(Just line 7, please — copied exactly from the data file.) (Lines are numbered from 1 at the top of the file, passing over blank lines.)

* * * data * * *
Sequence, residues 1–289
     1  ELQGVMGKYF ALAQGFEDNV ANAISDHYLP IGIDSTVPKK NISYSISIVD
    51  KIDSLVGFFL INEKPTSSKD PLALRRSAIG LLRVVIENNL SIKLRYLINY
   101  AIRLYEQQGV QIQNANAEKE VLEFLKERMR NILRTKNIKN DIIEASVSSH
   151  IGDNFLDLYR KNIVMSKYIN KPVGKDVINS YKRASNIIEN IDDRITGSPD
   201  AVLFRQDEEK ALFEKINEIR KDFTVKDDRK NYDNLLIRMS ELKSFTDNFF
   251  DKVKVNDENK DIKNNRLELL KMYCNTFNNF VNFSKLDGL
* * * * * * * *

   251  DKVKVNDENK DIKNNRLELL KMYCNTFNNF VNFSKLDGL